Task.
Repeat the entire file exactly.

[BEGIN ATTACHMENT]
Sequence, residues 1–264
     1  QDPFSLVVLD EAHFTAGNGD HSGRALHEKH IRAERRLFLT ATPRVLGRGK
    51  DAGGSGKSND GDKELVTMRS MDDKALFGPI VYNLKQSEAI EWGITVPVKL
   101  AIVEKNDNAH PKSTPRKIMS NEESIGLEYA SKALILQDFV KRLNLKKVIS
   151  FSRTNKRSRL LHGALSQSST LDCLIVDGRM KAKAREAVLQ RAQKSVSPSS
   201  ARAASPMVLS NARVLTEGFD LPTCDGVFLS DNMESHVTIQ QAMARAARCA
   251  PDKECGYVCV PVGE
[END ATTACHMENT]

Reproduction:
Sequence, residues 1–264
     1  QDPFSLVVLD EAHFTAGNGD HSGRALHEKH IRAERRLFLT ATPRVLGRGK
    51  DAGGSGKSND GDKELVTMRS MDDKALFGPI VYNLKQSEAI EWGITVPVKL
   101  AIVEKNDNAH PKSTPRKIMS NEESIGLEYA SKALILQDFV KRLNLKKVIS
   151  FSRTNKRSRL LHGALSQSST LDCLIVDGRM KAKAREAVLQ RAQKSVSPSS
   201  ARAASPMVLS NARVLTEGFD LPTCDGVFLS DNMESHVTIQ QAMARAARCA
   251  PDKECGYVCV PVGE